“Josh would be extremely proud of the companies, he was a company man … if I close my eyes and think about a conversation, he would say that he was proud of me for getting through the worst real estate downturn and making really, really hard decisions when it came to the company and vision,” she said. “And then getting the right people in the right seats to ramp this thing back up to come out of that solid. But, Josh’s greatest legacy is his three children. He would be incredibly proud of them and their journey — I see a part of Josh in each one of our children.”
It’s her hard-working attitude and tenacious spirit that got Michelle Freeman recognized by Elle magazine in 2013 as one of the 10 most influential women in Washington, D.C. She is a minority owner of Monumental Sports & Entertainment — which owns Verizon Center, Washington Wizards, Capitals and Mystics — and was also featured in the November issue of Washington Life Magazine for her part in WE Capital, which has committed over $12 million for gender-diverse companies that have women leaders or women on the management team.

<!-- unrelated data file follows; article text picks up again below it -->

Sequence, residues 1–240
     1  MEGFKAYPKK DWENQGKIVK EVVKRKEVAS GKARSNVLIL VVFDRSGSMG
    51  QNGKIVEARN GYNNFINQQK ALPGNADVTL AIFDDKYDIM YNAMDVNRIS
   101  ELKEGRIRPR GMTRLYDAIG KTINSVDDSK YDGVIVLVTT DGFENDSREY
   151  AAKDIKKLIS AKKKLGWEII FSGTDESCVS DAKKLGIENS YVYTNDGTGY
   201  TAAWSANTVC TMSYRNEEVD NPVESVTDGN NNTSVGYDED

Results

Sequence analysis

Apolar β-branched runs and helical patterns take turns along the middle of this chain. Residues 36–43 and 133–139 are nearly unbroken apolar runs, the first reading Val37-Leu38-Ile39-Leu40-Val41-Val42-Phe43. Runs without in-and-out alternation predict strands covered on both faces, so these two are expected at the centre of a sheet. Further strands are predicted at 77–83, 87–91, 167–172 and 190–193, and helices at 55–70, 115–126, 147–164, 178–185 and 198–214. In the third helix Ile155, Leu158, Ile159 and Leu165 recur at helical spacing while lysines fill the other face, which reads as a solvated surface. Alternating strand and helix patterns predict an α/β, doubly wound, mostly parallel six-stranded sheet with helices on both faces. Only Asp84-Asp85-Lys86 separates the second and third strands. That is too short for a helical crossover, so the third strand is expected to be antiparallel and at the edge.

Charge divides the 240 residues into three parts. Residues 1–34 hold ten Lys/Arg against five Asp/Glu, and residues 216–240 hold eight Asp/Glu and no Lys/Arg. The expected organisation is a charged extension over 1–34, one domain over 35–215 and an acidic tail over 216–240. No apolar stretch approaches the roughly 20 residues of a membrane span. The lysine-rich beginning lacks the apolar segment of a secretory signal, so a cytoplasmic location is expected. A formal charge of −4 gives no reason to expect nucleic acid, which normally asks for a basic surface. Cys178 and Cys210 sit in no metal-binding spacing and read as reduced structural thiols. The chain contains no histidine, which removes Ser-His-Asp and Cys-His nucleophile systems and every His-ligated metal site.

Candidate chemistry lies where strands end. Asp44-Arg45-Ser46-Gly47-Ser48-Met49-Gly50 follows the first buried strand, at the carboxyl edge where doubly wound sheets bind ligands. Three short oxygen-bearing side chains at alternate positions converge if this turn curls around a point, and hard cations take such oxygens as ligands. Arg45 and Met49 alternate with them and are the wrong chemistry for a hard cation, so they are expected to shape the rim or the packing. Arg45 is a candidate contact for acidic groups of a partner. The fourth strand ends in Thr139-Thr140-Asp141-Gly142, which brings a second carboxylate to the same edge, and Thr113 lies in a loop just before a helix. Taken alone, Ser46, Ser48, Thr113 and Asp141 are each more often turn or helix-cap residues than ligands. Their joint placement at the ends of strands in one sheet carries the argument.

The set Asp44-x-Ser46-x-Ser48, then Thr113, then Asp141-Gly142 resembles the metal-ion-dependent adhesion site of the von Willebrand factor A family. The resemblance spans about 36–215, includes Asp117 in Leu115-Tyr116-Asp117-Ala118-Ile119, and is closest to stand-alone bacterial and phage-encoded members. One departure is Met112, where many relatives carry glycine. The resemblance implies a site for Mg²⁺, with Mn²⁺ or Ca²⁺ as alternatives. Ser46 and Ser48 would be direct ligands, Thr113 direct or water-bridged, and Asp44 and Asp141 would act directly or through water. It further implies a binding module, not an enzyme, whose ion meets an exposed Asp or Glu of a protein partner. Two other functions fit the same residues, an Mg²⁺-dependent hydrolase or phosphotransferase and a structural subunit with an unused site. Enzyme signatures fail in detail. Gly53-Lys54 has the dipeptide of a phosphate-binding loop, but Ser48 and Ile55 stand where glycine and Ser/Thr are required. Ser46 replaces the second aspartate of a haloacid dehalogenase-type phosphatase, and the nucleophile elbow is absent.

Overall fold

However, it’s her philanthropic work for which she might be most known for. The Joshua M. Freeman Foundation was founded in 2007, with its first program, The Freeman Stage, debuting in 2008. In nine seasons, the venue has welcomed over 310,000 patrons, including 18,000 arts in education and outreach guests in 2016. The Freeman Stage hosts a wide variety of performances and offers free and low-cost shows in addition to its national recording artist shows. Through its arts in education program, the foundation hopes to offer diverse arts opportunities to every Sussex County student at least four times throughout their educational career. The foundation has already presented or is scheduled to present its legacy mural project — a hands-on visual arts opportunity for middle school students — in seven out of nine school districts in Sussex County, Delaware.